Chiamaka Ihekwoaba

Chiamaka Ihekwoaba

Ethiopia will generate as much as 30% of its electricity from waste in 2018

Following the attention received by a 50 year old dump site in Ethiopia after a deadly landslide killed about 114 persons, the dumpsite would be put to good use with a new waste-to-energy plant, Reppie, which is underway.

Ethiopia’s waste-to energy plant would be the first of its kind in Africa and it is expected to deal with 1,400 waste daily, a figure gotten from about 80% of refuse generated daily in Addis Ababa alone, (the nations capital). Solid waste generation, per capita in Addis Ababa amounts 0.4kg/c/day.

Unlike other booming African cities with waste management challenges, Addis Ababa does not have a modest way to dispose its garbage.

As an immediate means to address air pollution and also embrace renewable energy across all sectors of the economy the project Reppie came to be.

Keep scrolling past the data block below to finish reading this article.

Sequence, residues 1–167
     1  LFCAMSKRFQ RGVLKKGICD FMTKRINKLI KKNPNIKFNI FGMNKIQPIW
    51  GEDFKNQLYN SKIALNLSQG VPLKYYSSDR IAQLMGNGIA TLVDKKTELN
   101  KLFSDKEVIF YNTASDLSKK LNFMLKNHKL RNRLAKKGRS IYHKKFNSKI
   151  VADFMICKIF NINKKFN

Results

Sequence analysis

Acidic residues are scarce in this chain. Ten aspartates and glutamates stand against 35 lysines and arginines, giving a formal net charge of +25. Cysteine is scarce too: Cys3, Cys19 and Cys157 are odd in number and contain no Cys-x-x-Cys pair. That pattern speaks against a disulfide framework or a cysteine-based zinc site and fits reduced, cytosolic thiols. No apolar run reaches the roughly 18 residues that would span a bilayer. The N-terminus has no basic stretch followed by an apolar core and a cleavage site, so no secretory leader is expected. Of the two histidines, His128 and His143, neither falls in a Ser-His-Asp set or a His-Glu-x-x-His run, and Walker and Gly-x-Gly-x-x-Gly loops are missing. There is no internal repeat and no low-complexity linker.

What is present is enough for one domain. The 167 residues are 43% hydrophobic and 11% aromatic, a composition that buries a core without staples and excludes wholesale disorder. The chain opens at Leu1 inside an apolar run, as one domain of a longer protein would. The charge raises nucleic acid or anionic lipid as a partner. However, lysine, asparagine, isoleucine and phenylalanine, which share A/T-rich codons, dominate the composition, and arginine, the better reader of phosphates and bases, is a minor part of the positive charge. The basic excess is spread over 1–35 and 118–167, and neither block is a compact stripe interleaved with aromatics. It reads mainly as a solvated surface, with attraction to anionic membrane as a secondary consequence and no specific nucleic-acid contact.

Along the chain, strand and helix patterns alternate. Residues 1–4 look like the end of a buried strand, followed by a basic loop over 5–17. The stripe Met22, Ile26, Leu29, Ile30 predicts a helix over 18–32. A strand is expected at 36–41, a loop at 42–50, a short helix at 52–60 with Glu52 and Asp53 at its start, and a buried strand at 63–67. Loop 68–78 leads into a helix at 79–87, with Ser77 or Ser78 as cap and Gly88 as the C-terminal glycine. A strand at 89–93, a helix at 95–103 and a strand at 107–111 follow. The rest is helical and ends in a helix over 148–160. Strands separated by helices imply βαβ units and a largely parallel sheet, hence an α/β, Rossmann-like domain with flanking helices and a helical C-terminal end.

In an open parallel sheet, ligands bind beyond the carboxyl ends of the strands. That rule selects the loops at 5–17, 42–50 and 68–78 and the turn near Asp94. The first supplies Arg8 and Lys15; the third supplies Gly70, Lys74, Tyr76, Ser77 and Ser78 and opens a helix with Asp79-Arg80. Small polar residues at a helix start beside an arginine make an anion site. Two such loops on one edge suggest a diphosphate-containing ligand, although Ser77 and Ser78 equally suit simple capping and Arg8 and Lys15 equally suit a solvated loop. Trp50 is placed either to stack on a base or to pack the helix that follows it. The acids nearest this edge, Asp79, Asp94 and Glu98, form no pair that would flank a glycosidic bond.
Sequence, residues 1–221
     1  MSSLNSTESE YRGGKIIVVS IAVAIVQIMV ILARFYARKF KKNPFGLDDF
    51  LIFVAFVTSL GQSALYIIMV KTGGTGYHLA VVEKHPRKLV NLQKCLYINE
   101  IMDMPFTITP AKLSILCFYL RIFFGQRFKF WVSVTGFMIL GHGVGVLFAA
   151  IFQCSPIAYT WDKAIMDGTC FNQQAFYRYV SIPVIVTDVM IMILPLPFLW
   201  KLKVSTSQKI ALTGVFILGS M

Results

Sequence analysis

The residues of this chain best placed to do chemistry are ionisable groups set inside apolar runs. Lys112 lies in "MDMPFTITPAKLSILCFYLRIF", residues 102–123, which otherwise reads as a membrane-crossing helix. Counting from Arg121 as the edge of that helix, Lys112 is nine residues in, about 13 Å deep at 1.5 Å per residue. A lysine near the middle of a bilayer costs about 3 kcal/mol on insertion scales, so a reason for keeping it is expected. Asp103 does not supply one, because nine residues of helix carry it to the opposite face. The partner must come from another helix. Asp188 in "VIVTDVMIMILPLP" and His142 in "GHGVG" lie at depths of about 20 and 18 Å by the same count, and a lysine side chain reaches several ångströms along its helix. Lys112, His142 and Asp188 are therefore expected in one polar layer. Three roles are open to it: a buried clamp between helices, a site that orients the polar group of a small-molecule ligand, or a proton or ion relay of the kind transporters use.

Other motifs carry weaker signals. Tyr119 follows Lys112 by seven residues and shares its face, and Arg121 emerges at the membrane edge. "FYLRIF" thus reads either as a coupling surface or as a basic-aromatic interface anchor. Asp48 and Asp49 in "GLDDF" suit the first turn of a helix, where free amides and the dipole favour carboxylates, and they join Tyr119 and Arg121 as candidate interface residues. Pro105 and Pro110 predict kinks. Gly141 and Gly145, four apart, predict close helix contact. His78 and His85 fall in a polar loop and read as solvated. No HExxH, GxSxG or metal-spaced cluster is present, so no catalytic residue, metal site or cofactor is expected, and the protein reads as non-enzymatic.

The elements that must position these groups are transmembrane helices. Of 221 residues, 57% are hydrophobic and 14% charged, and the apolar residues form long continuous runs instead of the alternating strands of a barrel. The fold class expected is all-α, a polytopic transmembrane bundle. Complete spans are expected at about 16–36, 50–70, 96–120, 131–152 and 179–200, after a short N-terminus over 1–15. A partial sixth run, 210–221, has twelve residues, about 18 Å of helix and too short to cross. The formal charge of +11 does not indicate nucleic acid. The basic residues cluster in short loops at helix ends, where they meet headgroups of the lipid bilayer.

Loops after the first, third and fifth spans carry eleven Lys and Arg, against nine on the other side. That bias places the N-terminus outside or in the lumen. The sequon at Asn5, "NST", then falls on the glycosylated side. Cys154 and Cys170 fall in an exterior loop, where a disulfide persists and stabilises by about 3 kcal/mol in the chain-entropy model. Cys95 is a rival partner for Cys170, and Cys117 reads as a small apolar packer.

The plant hopes to supply 30% of electricity needed for household use and promises to adhere to global standards on air emissions. Each year, more than 200,000t are collected (about 550t/day). The municipality increased the collection rate from 60% to 80% .

Building the energy plant came as a result of partnership between the Government of Ethiopia and a consortium of international companies; Cambridge Industries limited, China National Electric Engineering and  Ramboll (a Danish Engineering firm).

The consortium was established to design, construct and in some case own energy-to-waste facilities customized for Sub-Saharan Africa.

Project Reppie is considered a quadripple win as it not only saves land, it also generates electricity while preventing the release of toxic materials into groundwater and it also reduces the release of Methane (a green house gas generated in landfills) into the atmosphere.

Waste-to-energy uses trash as a fuel for generating power, just as other power plants use coal, oil, or natural gas. The burning fuel heats water into steam that drives a turbine to create electricity. The process can reduce a community’s landfill volume by up to 90 percent, and prevent one ton of carbon dioxide release for every ton of waste burned.